Routine processing of our large volume collections has unearthed a sample that seems noteworthy to be mentioned. Digging deeper revealed it was indeed a simple variant descending from a very old and familiar family of Java based Trojans [Java/SillyDl]
Intricacies of its execution
This sample's payload is same as what the age old downloader agents are known to do. By Design, It downloads additional malware executables from distribution sites on the internet and proceeds to trigger their installation routines. Implemented as an applet, a better and easy understanding of this malware component can be gained through the output of instrumented standalone version of this applet shown in Fig 1.
Fig.1: Instrumented output
So far, everything seems to be simple and very old behaviour. So Why did it need attention?
The sample is created using the updated SDK[ Java Development Kit version 7] recently made available a week ago. Being among the first of the samples to be created using this updated development environment is what primarily intrigued us. Note:JDK7 is the latest major version released a week ago and it is the first major release since JDK6 five years ago.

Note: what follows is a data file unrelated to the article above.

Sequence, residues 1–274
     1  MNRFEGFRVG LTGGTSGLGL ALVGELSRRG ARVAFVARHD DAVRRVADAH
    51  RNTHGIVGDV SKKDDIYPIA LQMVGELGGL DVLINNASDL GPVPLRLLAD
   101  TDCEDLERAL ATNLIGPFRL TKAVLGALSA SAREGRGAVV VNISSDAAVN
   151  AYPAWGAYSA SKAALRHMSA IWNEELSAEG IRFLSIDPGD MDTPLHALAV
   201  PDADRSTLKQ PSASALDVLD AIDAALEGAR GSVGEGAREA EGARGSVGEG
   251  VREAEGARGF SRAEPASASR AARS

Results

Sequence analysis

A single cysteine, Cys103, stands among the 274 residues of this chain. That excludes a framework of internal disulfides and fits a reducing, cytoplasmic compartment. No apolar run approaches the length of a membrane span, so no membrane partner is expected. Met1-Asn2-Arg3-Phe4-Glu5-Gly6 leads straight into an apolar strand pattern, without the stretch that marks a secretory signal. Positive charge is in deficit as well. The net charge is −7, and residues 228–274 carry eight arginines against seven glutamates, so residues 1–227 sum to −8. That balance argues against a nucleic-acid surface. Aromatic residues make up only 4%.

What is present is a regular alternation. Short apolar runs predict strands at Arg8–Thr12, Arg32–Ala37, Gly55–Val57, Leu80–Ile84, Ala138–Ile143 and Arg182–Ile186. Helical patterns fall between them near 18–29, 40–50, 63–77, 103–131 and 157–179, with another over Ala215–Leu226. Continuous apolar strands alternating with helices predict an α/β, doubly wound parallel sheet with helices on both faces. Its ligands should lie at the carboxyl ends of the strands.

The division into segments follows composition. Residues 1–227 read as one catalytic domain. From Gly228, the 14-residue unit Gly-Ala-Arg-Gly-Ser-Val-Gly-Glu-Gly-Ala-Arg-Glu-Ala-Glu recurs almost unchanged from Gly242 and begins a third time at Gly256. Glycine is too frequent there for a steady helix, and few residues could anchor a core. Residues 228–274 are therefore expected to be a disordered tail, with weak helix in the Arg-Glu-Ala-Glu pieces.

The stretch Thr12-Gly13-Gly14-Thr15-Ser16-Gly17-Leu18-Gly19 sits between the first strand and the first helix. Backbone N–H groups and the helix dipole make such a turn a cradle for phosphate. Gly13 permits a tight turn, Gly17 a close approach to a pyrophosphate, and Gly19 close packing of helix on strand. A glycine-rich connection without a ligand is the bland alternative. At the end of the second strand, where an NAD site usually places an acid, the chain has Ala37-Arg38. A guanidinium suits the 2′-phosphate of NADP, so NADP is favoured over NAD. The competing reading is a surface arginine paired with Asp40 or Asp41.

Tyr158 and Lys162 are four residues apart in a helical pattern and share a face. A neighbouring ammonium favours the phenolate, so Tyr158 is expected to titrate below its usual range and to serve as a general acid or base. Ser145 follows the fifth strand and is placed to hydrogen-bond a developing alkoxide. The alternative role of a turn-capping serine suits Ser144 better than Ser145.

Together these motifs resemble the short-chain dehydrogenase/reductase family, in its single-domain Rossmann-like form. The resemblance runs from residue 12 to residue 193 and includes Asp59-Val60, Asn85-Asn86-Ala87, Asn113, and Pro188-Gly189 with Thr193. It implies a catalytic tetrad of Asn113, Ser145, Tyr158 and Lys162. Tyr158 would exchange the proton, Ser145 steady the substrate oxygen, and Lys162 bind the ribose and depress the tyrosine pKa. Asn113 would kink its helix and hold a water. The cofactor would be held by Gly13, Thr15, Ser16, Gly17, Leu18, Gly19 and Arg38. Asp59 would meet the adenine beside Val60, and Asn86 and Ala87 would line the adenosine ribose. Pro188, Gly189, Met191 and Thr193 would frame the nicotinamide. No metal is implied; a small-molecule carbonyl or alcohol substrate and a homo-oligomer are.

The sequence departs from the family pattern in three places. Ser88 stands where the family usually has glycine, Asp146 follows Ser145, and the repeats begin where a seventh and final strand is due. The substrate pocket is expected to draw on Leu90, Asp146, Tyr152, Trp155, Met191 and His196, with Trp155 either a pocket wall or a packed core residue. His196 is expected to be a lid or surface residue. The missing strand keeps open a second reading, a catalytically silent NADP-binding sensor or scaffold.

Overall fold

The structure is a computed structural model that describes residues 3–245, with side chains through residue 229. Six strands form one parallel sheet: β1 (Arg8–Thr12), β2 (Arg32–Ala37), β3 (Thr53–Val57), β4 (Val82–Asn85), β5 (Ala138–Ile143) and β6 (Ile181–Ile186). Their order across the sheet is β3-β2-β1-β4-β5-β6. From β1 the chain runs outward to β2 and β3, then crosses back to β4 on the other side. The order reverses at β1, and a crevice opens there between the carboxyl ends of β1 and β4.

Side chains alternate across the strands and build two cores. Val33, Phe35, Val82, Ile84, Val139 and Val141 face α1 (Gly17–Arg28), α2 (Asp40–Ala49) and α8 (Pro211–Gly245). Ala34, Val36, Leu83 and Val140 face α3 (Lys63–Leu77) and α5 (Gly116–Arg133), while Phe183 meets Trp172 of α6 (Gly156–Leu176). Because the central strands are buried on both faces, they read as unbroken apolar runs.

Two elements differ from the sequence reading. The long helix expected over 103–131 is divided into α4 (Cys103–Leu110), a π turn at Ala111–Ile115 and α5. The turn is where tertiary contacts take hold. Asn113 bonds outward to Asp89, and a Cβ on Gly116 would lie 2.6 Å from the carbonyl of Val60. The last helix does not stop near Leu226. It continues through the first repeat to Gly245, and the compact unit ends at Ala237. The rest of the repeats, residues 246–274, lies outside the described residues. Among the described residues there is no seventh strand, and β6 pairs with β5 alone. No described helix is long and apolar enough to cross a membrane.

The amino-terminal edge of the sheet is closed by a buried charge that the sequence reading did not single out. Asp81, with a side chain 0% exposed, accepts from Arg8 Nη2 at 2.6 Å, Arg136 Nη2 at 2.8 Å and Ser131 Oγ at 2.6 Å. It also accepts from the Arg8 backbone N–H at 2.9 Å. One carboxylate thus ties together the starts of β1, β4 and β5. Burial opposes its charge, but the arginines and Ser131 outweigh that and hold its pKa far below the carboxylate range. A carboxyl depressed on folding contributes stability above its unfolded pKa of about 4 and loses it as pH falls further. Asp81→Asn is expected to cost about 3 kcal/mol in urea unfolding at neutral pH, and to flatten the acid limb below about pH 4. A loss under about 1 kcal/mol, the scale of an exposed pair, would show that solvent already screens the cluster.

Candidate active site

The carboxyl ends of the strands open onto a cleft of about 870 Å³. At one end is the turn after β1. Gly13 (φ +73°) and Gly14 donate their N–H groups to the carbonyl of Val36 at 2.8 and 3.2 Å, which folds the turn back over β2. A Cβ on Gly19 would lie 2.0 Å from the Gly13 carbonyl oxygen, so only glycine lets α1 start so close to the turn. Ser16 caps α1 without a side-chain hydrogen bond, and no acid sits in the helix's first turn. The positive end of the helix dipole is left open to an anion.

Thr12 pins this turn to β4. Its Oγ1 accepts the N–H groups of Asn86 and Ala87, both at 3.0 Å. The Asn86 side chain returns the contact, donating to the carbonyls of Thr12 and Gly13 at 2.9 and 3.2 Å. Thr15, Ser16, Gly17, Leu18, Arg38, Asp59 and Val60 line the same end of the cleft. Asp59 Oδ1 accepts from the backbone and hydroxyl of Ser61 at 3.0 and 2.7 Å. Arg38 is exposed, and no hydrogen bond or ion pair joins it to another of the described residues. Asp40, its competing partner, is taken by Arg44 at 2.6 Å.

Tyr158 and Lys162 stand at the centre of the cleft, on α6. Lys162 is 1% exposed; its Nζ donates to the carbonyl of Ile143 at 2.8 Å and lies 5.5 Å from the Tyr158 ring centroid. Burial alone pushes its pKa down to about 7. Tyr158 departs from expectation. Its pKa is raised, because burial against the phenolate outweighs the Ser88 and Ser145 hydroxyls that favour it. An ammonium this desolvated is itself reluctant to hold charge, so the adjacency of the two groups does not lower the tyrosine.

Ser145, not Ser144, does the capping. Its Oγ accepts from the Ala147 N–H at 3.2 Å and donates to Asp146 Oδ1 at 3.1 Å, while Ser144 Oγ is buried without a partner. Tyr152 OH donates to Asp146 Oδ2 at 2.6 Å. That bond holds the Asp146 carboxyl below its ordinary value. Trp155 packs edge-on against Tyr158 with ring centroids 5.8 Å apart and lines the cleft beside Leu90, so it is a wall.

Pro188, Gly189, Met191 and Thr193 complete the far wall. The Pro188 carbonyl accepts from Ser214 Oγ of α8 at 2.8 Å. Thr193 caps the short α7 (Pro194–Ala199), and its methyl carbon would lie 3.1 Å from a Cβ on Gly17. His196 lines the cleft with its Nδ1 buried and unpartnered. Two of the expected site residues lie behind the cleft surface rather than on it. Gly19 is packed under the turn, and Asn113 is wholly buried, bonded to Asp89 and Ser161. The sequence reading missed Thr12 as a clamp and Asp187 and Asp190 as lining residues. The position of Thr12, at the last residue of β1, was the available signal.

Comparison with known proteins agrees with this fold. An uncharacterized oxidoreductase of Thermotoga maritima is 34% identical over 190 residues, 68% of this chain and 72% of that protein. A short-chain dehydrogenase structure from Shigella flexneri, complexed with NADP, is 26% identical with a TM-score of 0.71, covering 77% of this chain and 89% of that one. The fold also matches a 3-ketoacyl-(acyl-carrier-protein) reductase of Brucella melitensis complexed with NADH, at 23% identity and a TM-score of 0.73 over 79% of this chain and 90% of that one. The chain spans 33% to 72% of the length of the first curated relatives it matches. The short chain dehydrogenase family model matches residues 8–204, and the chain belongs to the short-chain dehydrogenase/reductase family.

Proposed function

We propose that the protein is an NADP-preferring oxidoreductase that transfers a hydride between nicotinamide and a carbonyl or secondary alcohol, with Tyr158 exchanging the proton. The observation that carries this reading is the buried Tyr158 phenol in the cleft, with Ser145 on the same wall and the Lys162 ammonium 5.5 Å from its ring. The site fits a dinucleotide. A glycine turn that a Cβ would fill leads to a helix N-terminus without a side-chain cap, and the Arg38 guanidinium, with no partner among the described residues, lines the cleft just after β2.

At this stage there are no JDK7 specific APIs (or) new features introduced in JDK7 are used in this malware. It is simply compiled using JDK7.
This fact suggests that the malware author may not have intentionally used JDK7; however we can expect samples created using new features introduced in JDK7 anytime sooner.
There is a side effect of the usage of the latest JDK to create malware. Naturally, a Java-class created using a higher version of JDK cannot be executed by a lower version Java Virtual Machine. Hence this sample will not run in the machines that are still using the older version of JDK (and generally there will be plenty of machines still using older versions of JVM).
Fig.2 is a screenshot of the Runtime errors encountered while we tried to load this applet in a system that was running JDK6.
Fig.2: Runtime error message from JRE 1.6
This sample is detected as "Java/SillyDlJava.AT". Though this malware does not use any new features of the updated SDK, it will be interesting to watch out for this trend.